Live Oak Trees as Dancing Women

great-oak-mag
“In sacred space everything is done so that the environment creates a metaphor.” Joseph Campbell

Charleston simply oozes story and history. So does nearby Edisto Island, the last undeveloped sea island in South Carolina. The Gullah elders called the island ‘Paradise’, and even now, she is known as the Sacred Eden Isle. The trees in the lowcountry, and the respect for the natural world, particularly these great live oaks, protected by law, and native to the Southern states, are a large part of what makes this part of the world so unique, and so evocative.

Good art takes me somewhere else. It either reflects for me my own story, or requires of me. It asks questions, it notices. The great live oaks stand as grandmother trees for me; this one grows in the Magnolia Cemetery. She feels like a dancing, strong old woman. She has survived hurricanes and drought, all the while twisting and curving in her growth toward heaven. Art inspires us and it exists all around us, like the sacred spaces these graceful dancing trees create.

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I was called to be an artist. And as an old old midwife said to me "If the Lord wants you to do something, you won't have no good luck' til you do." So, here I am, sharing what I love, longing to illuminate the work of art, which is everywhere.

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Posted in architecture, art, Arts & Culture, beauty, Charleston South Carolina, creativity, Green, Gullah, Poetry
3 comments on “Live Oak Trees as Dancing Women
  1. Pinkney says:

    They dance, alright, but I always think of these trees as more rooted with a nod to the soaring. There is a youngish live oak in my yard that blew over many years ago, but went right on growing from the original roots on side that stayed in the ground. It’s acting like a creeper now and the branches have become three live oaks sending their own roots down from the trunk.

  2. “rooted with a nod to the soaring” …and not only surviving but growing more deeply even after being knocked down… That’ll work for the ‘girls’ :) Thank you for coming by, Pinkney!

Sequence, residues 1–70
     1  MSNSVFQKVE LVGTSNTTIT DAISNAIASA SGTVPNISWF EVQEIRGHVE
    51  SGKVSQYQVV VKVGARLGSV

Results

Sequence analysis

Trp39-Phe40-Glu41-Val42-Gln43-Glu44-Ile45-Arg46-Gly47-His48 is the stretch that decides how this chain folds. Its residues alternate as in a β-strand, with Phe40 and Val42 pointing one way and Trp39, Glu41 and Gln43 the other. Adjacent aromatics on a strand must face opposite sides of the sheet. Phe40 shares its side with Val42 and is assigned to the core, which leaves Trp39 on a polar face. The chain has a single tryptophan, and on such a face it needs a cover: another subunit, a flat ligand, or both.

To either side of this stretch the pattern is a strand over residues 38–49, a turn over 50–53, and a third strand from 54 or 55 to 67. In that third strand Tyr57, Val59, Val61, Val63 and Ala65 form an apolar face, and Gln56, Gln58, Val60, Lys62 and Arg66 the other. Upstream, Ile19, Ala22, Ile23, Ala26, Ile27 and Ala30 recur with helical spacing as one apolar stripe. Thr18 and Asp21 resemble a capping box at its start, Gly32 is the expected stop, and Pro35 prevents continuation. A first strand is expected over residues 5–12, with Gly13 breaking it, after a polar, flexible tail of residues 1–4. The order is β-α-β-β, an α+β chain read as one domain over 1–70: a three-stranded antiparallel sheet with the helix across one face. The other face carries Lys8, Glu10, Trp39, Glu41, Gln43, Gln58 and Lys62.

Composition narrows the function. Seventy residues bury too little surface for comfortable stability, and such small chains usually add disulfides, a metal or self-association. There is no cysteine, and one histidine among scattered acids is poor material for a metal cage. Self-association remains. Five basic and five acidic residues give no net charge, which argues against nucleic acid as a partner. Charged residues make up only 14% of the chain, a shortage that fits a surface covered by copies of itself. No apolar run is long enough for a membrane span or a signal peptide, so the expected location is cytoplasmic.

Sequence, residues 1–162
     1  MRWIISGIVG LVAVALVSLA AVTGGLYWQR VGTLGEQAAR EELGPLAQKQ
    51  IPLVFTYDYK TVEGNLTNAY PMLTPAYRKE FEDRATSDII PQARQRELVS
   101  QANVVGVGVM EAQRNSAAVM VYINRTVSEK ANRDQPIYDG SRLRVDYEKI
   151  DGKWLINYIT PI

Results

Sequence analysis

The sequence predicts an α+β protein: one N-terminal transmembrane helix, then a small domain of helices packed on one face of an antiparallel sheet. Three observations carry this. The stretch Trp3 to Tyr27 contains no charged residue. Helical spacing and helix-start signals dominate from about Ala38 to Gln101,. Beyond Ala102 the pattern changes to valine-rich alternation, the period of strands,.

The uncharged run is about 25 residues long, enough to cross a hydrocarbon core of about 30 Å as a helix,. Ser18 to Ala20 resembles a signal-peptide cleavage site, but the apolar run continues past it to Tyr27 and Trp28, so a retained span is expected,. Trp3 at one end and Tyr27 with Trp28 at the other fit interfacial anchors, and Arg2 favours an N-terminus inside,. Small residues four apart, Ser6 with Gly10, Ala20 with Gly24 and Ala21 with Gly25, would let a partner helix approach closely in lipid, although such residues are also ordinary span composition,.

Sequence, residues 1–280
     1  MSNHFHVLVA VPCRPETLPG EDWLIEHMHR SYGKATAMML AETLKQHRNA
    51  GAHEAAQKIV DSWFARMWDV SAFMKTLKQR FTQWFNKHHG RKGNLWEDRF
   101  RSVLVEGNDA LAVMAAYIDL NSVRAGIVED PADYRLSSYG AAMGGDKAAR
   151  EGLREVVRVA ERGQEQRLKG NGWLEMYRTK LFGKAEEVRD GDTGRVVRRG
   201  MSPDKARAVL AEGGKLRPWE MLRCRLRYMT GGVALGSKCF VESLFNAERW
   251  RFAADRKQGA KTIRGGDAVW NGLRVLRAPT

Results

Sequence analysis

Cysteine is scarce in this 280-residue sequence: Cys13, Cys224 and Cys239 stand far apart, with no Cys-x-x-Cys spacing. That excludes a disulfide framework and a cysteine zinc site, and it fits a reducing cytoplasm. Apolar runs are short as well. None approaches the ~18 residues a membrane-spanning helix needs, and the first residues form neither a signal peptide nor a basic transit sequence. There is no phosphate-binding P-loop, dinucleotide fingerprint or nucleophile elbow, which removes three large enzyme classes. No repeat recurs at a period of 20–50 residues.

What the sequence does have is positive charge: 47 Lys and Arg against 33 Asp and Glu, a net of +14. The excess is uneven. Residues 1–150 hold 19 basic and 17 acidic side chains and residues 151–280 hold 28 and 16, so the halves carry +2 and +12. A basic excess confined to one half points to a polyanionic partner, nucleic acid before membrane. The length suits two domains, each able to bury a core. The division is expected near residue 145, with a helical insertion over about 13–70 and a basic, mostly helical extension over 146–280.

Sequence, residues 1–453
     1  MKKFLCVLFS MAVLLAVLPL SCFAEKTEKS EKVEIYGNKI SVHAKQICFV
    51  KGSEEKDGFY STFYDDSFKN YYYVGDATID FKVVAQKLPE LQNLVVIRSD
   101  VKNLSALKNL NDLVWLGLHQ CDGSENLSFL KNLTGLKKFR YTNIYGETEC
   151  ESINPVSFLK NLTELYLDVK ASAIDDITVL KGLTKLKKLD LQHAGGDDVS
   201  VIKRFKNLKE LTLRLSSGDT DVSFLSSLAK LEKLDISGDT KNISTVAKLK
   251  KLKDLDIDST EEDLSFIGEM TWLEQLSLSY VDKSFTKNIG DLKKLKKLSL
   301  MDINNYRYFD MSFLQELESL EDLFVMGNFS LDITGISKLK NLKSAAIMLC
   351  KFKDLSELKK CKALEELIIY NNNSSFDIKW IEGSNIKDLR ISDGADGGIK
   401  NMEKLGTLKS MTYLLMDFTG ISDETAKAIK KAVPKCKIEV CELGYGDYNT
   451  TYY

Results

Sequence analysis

3. I like the concept of grandmother trees Charlotte. I can think of one near the school where I used to teach and one in the field across the street from my house. And dancing old women?….. here in southern Maine there is a large French population nearby and the old women dance with a complete abandon and a complete lack of self-consciousness only possibe when one reaches that “certain age.” I suspect the same is true of old strong dancing women in the South as well…. or maybe it is just the French??? :-)
    Gail

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What’s this?

Welcome to my blog about the Lowcountry of South Carolina, a place proud with beauty, history and art. Sometimes we feel a call, to be, to go, to do. I was called to be an artist, and as an old midwife from Alabama said, “If the good Lord wants you to do something, you won’t have no good luck until you do it.”

So here I am writing about what I know, about the 'under glimmer' as the poet Basho, says, the way I have learned to see, to notice. I am inspired by, and talking about the history and art and culture of this place that has called me to herself. By the ancestors.

My background includes a degree in fine arts from a small private college in Florida, and before that, four years of all girls' boarding school in Asheville. I worked as a professional photographer, helped my children grow up, and now and I love seasoned things, good food, better conversation, beauty, my beloved and beautiful Italian Greyhound, Beau. Moved by the sacred places and stories of this beautiful historic land called the Lowcountry, I am here in spirit and I hope to infect you with my love of this place.

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